Bend over, touch your toes, miss fewer days of work. 

When you’re hopping on and off a truck, loading garbage from 100,000 homes a week, injuries seem almost inevitablebut that doesn’t mean you shouldn’t try to prevent them. Just ask Louisville, Kentucky, whose public works department has cut its injury rate in half over the last two years.

In January 2012, the department’s rate of OSHA recordable injuriesserious injuries that keep employees away from work, limit their duties, or worsewas 31 percent, much higher than public works departments in comparable cities like Nashville or Charlotte. By January 2014, however, that rate has plunged to below 15 percent. How did they do it? Well, it starts with adding a stretching regimen.

Louisville Public Works employees stretching at 6 a.m.  (City of Louisville/Keith Hackett) 
Stretching indoors (City of Louisville/Keith Hackett) 

Starting at 6 a.m., Louisville public works employeeseven those in administrative rolesgather in a circle to prep their bodies for the day’s strenuous work. A designated leader then takes the group through a set of exercisesbend over, touch your toes, squats, twists, jumping jacks, etc. This all repeats at the beginning of each new shift.

While stretching was the department’s most conspicuous new strategy, it wasn’t the only measure they took to promote a culture of safety. They also established an Accident Review Committee to evaluate every injury and recommend preventative measures to department management, who then pass down final recommendations to staff. According to Keith Hackett, Division DIrector at Louisville Public Works, that helps keep everyone accountable, not just the employees out in the field.

Another crucial change was the institution of a modified duty policy, which allows injured employees to resume work much sooner. Rather than having someone with a broken foot stay at home for six to ten weeks, he or she can now return after just one week, for example, and help out with less-mobile administrative work. Unsurprisingly, this change has helped push down the department’s rate of time lost to injury from about 21 percent in January 2012 to about 6 percent in January 2014.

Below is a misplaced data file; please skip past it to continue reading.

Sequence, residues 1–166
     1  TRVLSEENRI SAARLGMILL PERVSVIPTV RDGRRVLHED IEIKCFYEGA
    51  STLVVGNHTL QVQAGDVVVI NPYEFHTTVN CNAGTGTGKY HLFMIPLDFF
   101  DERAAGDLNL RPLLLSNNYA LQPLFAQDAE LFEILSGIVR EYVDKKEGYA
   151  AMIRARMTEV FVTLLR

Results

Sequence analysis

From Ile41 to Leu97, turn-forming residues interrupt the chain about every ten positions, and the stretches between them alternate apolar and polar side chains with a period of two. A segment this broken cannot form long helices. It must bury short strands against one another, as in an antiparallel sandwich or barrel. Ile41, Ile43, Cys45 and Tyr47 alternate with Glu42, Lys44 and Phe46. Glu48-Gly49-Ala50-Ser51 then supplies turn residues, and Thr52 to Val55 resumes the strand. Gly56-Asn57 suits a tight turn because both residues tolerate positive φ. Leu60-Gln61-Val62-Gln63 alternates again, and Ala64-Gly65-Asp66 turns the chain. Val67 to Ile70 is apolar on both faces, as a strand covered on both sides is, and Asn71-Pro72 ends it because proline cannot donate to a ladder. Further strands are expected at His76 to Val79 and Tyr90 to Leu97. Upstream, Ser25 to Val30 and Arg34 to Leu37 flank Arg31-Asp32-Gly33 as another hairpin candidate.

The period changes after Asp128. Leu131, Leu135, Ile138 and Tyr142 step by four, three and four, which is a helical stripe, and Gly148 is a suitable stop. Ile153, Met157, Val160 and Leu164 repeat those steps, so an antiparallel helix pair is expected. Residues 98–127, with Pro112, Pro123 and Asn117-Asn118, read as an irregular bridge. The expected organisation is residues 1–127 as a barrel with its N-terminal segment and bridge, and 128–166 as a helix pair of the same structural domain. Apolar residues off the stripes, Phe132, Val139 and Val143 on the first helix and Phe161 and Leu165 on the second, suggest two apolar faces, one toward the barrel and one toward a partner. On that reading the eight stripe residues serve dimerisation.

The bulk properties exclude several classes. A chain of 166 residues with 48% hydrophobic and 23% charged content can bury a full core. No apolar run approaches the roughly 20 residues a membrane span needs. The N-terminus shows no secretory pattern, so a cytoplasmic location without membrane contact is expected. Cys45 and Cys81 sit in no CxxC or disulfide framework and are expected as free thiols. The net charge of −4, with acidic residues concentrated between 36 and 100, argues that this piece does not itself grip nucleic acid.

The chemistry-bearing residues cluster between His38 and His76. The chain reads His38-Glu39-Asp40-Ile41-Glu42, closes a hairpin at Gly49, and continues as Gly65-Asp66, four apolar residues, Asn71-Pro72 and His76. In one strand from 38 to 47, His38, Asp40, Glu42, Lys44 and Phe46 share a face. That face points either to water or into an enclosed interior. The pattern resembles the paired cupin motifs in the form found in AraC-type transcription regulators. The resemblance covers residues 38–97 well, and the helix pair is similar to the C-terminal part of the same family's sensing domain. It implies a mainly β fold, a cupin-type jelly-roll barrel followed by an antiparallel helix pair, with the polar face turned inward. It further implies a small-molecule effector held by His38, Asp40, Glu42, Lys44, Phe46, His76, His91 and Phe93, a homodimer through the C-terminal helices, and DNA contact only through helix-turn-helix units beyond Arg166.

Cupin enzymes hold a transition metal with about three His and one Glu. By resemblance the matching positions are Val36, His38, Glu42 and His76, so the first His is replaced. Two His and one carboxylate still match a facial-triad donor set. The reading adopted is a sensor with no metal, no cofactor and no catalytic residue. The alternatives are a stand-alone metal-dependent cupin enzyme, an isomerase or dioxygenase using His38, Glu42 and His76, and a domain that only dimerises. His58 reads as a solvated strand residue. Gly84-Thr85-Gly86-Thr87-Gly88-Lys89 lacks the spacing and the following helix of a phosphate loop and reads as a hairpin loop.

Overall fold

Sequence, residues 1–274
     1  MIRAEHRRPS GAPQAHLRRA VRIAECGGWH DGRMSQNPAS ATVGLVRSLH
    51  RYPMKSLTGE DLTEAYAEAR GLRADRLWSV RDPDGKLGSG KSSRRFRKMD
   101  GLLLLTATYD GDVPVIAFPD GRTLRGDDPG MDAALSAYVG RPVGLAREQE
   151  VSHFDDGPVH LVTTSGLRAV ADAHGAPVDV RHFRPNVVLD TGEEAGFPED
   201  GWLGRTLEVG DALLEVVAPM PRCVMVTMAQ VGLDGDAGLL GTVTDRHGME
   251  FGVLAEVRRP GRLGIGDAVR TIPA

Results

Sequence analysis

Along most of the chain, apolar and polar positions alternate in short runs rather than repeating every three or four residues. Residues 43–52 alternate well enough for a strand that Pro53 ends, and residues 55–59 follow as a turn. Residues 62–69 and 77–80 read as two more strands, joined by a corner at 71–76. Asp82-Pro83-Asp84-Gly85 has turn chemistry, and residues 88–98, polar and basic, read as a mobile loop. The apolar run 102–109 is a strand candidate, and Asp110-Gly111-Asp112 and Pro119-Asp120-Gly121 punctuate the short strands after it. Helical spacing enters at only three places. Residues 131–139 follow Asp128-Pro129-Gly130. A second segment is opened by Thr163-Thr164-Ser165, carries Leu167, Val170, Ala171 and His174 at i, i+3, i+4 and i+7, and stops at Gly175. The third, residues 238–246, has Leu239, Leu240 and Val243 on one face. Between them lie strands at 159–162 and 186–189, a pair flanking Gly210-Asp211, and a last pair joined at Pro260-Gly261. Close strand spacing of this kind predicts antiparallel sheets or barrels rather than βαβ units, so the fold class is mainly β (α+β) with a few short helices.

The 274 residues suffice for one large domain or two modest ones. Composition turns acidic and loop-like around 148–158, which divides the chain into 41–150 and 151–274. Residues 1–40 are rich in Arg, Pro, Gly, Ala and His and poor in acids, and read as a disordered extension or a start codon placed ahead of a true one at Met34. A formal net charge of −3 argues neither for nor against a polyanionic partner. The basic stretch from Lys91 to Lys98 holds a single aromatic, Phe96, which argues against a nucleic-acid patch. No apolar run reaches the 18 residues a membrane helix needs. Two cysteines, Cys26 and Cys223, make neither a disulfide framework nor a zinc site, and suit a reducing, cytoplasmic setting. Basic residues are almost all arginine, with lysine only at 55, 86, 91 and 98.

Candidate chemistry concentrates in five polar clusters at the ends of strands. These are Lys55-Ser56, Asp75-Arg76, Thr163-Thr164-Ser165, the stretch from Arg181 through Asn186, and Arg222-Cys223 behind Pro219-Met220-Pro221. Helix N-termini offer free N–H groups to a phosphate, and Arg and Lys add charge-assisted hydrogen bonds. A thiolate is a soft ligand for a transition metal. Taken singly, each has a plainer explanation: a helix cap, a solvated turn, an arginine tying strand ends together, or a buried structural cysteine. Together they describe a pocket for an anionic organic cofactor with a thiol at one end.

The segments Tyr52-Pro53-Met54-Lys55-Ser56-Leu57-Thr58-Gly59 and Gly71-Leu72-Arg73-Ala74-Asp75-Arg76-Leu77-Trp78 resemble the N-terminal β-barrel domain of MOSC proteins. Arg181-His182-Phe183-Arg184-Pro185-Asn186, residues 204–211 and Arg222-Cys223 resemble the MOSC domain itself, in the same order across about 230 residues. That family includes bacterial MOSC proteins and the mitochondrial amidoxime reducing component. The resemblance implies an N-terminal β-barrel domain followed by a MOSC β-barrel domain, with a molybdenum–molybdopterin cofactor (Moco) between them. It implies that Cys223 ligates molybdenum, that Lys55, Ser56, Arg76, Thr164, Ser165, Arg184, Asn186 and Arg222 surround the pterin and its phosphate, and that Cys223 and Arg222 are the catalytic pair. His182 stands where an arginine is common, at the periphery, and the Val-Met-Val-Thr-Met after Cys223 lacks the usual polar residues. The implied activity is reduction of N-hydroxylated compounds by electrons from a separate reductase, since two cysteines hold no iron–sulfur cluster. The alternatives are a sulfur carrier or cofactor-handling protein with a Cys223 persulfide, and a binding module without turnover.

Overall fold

This whole set of changes was driven by Louisville’s recent focus on metrics-driven performance improvement, says Hackett. In January 2012, the city created an Office of Performance Improvement, out of which the LouieStat program was born. LouieStat coordinates regular meetings between leadership from each city department and the mayor to analyze and review relevant metrics.  

Public Works, the first department to go through the pilot program, started out with measuring and responding to OSHA recordable injuries and time lost to injury. Hackett says the LouieStat program made all the difference because it was a strong signal from the highest level in city government that department directors needed better information to make more informed decisions. 

Before, he says, it was like trying to win a ballgame without a playbook.

(h/t Harvard Ash Center)

About the Author

Most Popular

  1. A photo of high-rises in Songdo, billed as the world's "smartest" city.
    Life

    Sleepy in Songdo, Korea’s Smartest City

    The hardest thing about living in an eco-friendly master-planned utopia? Meeting your neighbors.  

  2. A young man rides a hoverboard along a Manhattan street toward the Empire State Building in New York
    Transportation

    Why Little Vehicles Will Conquer the City

    Nearly all of them look silly, but if taken seriously, they could be a really big deal for urban transportation.

  3. Maps

    Inside the Massive U.S. 'Border Zone'

    All of Michigan, D.C., and a large chunk of Pennsylvania are part of the area where Border Patrol has expanded search and seizure rights. Here's what it means to live or travel there.

  4. Equity

    The Problem with Suburban Police

    The East Pittsburgh police department that is responsible for killing the unarmed teenager Antwon Rose, Jr. is one of more than a hundred police departments across metro Pittsburgh—and that’s a problem.

  5. Equity

    Why Trump Wants a Department of Public Welfare

    A sweeping plan to reform the federal government could be considered an effort to undo the New Deal with a single org chart.